Saturday, April 11, 2009

Happy Easter

I am a Roman Catholic. I might not always agree with every little thing that the Church teaches, but I really love and cherish my faith.

The Triduum is my favorite weekend in the entire liturgical calendar. On Holy Thursday we celebrate the Last Supper, and its institution into the Liturgy of the Eucharist at Mass. On Good Friday we celebrate the Lord's Passion, his blameless death on a cross for our sins. And on Holy Saturday at the Easter Vigil, we celebrate his rising.

Every year the Good Friday service moves me. We sing the entire Passion (according 
to John) and venerate a large wooden cross that symbolizes the place where our Savior was hung, bleeding and humiliated, to die. And every year, at some point between singing

Jesus, remember me
When you come into your kingdom


And when my hour of glory comes
When all was meant to be
You shall see me lifted up
Upon a tree

Behold, behold the wood of the cross
On which is hung our salvation
Oh come, let us adore

I start to cry. Like a baby.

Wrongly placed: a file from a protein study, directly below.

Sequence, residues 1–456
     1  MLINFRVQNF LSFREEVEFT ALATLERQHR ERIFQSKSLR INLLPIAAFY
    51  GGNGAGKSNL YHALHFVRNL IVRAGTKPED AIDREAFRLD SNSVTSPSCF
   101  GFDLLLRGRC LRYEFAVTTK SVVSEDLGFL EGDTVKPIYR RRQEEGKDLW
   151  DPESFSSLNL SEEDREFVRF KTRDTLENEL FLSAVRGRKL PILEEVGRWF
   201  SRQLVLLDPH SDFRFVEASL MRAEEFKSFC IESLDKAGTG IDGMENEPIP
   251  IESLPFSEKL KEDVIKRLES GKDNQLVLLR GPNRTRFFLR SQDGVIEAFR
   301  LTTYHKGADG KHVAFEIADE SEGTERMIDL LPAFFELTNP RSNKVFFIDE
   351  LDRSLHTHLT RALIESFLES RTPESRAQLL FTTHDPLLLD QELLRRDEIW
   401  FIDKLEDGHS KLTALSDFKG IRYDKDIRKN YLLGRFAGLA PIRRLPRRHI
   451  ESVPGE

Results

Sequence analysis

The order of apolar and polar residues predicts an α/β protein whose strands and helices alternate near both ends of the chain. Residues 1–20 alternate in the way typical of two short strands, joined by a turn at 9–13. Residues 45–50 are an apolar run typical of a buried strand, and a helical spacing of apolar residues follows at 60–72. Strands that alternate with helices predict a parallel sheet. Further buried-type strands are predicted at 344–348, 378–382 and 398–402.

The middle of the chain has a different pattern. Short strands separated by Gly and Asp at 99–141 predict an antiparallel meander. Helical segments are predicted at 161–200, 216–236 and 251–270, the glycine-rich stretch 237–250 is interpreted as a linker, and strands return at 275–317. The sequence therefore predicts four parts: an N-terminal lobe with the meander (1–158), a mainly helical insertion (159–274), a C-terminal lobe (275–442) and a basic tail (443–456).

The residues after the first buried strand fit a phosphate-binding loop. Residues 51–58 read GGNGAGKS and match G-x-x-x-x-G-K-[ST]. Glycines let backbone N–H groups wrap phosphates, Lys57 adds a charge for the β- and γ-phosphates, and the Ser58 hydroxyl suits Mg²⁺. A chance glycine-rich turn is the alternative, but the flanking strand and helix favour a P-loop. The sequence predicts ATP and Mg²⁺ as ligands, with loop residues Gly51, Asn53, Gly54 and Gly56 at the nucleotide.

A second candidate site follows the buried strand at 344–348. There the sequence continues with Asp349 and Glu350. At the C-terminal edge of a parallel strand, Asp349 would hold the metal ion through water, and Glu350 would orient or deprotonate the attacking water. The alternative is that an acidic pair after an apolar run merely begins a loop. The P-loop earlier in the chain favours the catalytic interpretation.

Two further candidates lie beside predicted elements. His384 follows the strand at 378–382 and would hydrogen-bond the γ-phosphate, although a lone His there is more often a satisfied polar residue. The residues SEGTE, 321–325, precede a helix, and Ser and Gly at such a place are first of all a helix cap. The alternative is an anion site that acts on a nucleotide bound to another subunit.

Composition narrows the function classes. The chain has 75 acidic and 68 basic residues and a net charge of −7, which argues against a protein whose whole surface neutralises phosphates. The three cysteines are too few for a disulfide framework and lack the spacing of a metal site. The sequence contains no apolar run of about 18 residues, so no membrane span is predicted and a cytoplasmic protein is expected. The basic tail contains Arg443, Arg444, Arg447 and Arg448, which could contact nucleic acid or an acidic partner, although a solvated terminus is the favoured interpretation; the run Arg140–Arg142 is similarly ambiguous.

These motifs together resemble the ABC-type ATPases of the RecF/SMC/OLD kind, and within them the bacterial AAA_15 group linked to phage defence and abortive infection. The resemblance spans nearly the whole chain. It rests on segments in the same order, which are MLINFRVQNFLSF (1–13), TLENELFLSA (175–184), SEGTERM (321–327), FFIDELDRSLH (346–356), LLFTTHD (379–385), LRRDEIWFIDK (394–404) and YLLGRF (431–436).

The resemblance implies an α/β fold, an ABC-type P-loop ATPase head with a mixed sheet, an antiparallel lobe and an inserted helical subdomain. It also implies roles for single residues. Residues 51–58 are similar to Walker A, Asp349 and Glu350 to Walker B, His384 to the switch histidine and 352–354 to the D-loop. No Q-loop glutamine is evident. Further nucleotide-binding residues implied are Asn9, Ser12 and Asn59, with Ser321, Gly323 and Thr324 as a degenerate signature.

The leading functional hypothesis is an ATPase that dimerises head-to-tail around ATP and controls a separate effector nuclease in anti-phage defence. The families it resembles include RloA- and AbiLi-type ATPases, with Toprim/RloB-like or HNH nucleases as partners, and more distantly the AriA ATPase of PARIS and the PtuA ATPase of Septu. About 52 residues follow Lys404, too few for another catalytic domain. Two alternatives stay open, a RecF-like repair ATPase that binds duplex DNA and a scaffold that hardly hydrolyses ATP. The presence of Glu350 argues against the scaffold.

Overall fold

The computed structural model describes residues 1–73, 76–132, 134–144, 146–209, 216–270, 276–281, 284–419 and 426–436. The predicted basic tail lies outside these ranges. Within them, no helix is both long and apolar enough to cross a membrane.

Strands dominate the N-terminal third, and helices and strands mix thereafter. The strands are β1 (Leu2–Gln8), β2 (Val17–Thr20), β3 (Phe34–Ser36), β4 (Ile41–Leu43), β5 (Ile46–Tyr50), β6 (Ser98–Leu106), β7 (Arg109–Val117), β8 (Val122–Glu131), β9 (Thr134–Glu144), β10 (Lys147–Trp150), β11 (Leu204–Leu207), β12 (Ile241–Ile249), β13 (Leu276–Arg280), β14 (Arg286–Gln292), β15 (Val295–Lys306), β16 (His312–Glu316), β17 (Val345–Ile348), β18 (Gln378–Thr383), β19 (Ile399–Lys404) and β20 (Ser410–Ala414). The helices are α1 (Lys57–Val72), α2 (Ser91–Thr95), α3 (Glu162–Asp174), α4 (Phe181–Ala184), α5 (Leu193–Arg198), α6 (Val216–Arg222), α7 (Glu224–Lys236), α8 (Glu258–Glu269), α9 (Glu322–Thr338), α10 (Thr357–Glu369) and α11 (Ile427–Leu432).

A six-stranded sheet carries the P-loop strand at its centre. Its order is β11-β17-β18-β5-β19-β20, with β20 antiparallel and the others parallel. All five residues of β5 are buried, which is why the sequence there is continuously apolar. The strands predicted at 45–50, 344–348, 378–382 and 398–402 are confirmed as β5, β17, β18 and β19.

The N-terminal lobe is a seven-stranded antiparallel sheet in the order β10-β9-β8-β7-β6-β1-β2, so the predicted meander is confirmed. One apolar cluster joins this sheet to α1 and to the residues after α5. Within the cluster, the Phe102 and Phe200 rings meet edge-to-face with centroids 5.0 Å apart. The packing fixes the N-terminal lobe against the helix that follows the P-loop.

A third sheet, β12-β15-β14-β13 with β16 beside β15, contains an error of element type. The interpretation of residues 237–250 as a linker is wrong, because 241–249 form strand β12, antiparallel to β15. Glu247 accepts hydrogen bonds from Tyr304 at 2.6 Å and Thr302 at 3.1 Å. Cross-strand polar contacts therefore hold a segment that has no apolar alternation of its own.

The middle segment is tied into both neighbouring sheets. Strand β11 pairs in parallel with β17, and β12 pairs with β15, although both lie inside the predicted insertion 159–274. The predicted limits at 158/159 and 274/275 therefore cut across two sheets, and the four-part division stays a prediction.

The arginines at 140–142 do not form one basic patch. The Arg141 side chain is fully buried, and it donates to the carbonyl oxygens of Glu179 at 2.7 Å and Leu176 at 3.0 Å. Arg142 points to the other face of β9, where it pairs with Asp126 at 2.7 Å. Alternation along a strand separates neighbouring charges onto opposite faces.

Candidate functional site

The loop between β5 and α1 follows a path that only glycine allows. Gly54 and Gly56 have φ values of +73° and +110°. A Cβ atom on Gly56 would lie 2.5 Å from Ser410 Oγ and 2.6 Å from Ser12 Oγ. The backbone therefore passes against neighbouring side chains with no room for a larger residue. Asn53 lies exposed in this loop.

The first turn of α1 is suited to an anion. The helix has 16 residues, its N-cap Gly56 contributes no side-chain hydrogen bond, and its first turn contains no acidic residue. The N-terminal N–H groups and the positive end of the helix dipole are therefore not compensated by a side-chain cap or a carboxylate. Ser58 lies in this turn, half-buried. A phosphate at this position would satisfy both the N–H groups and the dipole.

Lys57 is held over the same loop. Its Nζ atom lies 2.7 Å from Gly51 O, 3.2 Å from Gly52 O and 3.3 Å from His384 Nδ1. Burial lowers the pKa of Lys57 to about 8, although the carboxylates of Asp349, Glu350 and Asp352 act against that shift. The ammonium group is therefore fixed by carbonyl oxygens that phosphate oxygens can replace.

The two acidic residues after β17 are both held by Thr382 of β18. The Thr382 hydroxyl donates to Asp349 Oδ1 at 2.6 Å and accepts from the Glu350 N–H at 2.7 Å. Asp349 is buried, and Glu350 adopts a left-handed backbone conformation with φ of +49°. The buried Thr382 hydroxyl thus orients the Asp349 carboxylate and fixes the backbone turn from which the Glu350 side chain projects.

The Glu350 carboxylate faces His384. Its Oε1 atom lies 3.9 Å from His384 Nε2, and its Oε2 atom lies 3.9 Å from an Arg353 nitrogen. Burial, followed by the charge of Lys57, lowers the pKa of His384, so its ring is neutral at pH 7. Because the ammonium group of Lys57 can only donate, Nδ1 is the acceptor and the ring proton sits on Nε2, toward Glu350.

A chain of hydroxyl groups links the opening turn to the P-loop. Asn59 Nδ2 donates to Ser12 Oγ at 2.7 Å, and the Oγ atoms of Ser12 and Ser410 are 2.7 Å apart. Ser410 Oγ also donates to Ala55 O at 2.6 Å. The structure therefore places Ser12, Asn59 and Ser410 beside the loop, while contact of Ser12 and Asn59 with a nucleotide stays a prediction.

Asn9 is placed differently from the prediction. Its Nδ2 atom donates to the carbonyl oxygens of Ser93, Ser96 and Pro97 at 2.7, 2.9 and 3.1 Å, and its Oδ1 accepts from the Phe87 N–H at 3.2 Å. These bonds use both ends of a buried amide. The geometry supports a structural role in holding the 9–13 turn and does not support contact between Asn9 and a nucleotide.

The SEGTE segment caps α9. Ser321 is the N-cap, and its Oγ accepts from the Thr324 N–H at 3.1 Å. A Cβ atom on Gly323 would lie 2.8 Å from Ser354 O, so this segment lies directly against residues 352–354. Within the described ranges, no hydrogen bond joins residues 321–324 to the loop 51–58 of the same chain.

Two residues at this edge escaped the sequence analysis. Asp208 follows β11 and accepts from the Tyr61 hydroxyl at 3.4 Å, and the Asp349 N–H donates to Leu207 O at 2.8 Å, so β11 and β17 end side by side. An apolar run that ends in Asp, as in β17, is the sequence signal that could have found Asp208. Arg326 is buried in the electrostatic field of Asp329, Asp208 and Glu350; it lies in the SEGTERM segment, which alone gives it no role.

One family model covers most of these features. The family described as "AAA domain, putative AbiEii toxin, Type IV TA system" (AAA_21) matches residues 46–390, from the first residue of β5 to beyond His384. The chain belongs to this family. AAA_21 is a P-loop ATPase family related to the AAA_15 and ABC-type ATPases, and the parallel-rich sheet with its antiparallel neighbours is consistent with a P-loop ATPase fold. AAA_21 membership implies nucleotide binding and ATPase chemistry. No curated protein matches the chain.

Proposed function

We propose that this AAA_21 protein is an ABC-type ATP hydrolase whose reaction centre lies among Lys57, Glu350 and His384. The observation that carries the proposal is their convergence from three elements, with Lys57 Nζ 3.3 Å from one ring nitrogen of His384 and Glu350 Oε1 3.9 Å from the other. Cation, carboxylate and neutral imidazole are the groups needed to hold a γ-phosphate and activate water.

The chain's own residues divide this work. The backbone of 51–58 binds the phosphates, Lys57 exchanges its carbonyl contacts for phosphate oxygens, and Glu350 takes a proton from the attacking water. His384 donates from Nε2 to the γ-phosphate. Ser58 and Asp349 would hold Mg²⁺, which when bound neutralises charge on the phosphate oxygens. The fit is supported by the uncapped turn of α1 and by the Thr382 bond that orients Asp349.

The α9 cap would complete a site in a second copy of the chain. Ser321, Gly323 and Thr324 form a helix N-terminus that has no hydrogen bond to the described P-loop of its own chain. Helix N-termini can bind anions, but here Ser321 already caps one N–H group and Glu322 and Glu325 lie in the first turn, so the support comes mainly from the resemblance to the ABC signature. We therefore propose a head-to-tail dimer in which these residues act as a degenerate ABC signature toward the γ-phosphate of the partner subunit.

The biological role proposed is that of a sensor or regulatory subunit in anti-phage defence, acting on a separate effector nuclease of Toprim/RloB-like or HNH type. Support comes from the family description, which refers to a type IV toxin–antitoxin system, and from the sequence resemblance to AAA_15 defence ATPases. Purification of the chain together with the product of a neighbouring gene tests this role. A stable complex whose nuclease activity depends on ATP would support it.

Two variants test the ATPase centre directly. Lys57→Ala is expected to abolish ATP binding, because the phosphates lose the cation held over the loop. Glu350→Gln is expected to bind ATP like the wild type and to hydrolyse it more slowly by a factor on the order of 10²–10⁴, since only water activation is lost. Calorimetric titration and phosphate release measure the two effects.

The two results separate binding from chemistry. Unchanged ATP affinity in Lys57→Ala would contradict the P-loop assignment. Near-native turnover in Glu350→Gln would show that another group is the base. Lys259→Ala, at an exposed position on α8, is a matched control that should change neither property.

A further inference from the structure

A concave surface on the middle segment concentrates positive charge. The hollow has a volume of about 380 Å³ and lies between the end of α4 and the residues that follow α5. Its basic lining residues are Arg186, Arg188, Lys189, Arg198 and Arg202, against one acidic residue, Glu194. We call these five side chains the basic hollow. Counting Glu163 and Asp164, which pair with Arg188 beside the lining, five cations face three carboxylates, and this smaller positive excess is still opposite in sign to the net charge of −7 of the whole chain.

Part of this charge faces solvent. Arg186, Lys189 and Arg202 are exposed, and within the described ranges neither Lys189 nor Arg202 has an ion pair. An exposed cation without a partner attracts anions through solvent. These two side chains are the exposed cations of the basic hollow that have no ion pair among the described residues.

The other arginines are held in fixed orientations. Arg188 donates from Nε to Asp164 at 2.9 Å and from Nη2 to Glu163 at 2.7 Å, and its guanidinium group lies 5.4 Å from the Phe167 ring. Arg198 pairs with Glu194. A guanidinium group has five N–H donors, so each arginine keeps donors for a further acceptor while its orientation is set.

Because while you may not believe, as I do, that Jesus rose three days later to offer salvation from the sins of all humanity, there is historical proof that he lived and was murdered brutally and publicly. He was stripped of his clothing, whipped with bone shards, nailed to a piece of wood, and hung on a hill for everyone to jeer at while they walked home from work, all for preaching a message of love and acceptance.

He was a man. And he died for others. Say what you will about my religion, but that's something to be respected.


Ozkirbas said...

I like that your post humanizes this particular religious figure. I think it's a common misconception that most people of faith objectify the man until he's nothing more than a symbol and this post goes straight to that point. Although I may not be a "person of faith" exactly, fair representation is something I'm all about and this post definitely pushes this concept forward (it was also very touching).

Oh, yeah. Happy Easter.

David Pratt said...

Excellently phrased, Ali. It's a shame that the people who exemplify all the negative aspects of religion are the ones much more prominent in the media. People tend to lose sight of how it can be quietly and personally moving and enriching.